I'd like to see 40K borrow this from AoS, but without a massive improvement to 40K, it won't work.

SotF
23-02-2017, 05:48
Personally, I'd love a truncated combined book. Something similar to the, I believe, 4th edition book from the Marines Vs Dark Eldar starter. It had basic rules for all of the available armies at the time. It didn't have special characters or most of the special rules for them, but enough that you could start out with any of them. It would also let you haul around a smaller number of things if you wanted to play quickly. One group I'm in still uses that book for a 500 point thing we've done for years now at lunch periods with only the Tau getting anything other than the main book with the same basic limitations there.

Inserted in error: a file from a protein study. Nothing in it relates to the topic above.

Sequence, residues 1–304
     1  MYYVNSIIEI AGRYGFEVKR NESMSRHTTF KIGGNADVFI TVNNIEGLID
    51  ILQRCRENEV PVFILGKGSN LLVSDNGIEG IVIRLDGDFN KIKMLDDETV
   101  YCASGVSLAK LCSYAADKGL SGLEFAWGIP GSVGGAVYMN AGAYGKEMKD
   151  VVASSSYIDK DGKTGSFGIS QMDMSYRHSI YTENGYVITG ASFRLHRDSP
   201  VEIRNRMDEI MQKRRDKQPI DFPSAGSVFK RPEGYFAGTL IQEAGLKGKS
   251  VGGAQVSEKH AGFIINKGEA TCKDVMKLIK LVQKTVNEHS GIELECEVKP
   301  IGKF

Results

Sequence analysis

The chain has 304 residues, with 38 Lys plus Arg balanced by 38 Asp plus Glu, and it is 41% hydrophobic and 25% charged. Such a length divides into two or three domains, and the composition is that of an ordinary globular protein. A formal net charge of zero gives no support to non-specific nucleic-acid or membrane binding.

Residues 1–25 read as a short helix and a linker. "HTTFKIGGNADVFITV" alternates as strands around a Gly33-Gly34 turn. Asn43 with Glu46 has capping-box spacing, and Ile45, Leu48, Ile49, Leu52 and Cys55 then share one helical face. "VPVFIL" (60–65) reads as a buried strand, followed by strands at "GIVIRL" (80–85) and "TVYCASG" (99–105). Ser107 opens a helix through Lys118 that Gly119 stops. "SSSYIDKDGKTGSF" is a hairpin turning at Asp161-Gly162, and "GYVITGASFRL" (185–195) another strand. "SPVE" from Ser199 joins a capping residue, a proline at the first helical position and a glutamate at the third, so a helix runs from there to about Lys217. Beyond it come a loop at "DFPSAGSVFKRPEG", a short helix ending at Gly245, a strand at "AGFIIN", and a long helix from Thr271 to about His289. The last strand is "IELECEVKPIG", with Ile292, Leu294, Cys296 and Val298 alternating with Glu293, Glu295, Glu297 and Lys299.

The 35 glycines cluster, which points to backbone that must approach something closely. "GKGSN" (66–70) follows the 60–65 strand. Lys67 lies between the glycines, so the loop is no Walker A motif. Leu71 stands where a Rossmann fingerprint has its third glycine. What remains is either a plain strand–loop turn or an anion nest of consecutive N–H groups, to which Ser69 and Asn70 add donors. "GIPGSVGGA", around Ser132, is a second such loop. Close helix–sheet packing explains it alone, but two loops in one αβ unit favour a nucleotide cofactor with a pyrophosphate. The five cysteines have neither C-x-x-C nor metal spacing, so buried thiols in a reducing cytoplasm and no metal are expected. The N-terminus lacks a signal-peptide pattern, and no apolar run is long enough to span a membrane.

eron12
28-02-2017, 20:39
If GW can get people to buy a general's handbook and battle tome, why would they stop? That's why they won't go away.

2DSick
10-03-2017, 15:36
It's worked for most other wargames. I don't see why it can't work for 40k. Even with the unit bloat, you don't need a whole or half a page for a unit entry like some recent ones (particularly MT or Imperial Agents where it looked like they were purposely filling space to get the page count up).